Over 3500 people attended the sold out #HīkoiTo100 Music Festival in Awanui yesterday, the first large-scale music festival to be held in Aotearoa since the Omicron outbreak.
The festival celebrated the success of the Ngāti Kuri COVID-19 vaccination drive that was held over the summer to boost iwi resilience. It also marked the transition to more freedom for the iwi and community.
Sheridan Waitai, Ngāti Kuri Trust Board Executive Director, said, “The festival was a celebration and recognition of all the mahi and aroha given by our people in our communities over the past few years of COVID in our lives. It has been a huge and at times heavy journey.
“Being able to come together with our whānau after two and a half years of being apart was unreal. The whole day was just an incredible vibe. The artists’ performances were amazing and we all shared many beautiful moments.
“All the hard work done by so many over and above what has been required of them has meant our community was kept safe. All that mahi has built up to this moment of us being able to come together as one.”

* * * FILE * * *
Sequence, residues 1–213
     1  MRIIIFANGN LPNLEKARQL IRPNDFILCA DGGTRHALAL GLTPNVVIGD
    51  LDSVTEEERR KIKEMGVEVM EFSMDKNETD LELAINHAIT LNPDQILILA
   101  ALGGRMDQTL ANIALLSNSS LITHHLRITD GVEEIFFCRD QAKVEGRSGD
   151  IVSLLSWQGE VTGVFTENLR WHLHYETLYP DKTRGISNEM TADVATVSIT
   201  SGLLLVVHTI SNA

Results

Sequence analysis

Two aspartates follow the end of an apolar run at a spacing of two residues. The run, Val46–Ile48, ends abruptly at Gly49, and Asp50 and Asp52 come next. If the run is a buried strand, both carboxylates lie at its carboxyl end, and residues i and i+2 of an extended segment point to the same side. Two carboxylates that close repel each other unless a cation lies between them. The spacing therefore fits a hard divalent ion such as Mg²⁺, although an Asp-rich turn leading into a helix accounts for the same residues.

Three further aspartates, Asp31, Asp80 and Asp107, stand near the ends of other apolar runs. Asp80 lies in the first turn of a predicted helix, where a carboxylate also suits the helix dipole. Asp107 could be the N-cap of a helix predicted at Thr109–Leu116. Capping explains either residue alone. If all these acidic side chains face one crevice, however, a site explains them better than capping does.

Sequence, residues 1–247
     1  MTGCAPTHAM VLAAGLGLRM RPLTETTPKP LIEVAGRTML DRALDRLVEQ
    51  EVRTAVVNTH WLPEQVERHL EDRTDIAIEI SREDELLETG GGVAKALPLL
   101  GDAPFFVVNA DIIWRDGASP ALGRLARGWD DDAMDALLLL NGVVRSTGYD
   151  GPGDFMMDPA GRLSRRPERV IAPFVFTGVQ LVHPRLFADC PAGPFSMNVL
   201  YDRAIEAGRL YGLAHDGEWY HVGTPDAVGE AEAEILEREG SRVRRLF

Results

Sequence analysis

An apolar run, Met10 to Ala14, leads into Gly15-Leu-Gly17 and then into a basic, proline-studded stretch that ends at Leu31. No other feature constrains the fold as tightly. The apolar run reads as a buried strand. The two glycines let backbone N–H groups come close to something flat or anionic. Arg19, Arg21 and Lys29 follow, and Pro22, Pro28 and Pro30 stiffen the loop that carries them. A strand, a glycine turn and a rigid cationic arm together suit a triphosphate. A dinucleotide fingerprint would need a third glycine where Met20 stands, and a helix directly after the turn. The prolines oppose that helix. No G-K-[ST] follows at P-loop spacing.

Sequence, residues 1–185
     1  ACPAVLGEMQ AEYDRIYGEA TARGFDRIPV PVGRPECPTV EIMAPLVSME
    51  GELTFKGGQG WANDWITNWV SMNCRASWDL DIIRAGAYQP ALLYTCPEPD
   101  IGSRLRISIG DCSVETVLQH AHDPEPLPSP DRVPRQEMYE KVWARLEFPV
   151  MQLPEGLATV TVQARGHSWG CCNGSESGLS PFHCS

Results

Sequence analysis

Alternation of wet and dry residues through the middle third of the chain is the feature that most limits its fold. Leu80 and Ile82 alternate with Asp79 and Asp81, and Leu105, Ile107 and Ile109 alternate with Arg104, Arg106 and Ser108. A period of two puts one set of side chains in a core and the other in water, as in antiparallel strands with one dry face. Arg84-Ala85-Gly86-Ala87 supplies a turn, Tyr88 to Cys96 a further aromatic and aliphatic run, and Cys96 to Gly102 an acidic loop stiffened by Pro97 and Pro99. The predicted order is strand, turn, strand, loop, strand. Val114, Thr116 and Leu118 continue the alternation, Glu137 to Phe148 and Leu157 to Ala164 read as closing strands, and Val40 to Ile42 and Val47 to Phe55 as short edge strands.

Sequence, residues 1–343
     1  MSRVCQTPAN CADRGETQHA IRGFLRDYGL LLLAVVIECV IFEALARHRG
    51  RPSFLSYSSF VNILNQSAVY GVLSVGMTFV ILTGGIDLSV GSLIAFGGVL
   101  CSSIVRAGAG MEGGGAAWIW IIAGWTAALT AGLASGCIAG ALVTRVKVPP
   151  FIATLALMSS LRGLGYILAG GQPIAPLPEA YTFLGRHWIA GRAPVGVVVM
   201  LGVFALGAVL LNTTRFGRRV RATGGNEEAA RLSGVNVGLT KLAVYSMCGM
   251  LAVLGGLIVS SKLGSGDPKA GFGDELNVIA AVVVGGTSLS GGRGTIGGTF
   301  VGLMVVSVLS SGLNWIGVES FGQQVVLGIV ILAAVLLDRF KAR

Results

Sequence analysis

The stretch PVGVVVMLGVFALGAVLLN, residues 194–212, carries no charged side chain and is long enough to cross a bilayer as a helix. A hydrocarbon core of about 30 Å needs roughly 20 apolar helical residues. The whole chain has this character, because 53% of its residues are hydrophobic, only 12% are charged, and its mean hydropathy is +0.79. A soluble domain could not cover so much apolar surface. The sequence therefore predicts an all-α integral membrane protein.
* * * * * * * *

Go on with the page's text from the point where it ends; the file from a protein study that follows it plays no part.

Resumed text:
Headline acts included top NZ artists such as Tomorrow People, 1814, Ladi 6, Che-Fu and Savage. Local bands also performed, including Papa’s Pack, who kicked off the festival. On the day, scattered showers didn’t keep festival goers away.
1979 Management lead Andy Murnane said the artists were ecstatic to be able to perform again live.
“Our first show in the Far North was a sellout event and that is what every promoter wants. We attribute that to the hard work of the Ngāti Kuri iwi and the resilience of the local community.
“The day was filled with aroha. Music always brings people together.”
Ms Waitai said, “This was the first live concert in a long time. It was great for all these artists to be able to come together with the local community. This festival was, at its heart, an acknowledgement and celebration of the hard mahi that has gone into strengthening community resilience.”
Local food and clothing were also onsite, allowing festival goers to give back to local businesses who felt the impact of COVID-19 restrictions over the last two years. Ngāti Kuri were encouraged to go ahead with the festival from the increase in vaccination rates, which are significantly up since the #HīkoiTo100 campaign was first announced last December. The rohe recently recorded a 90% first dose vaccination rate, with second doses sitting at 88%.
Ms Waitai said, “Everyone now has the tools to be self managing through Covid. They know how to keep each other safe. The iwi is looking forward to getting back to our kaupapa of environmental resilience, with mahi focused on its moana and whenua.”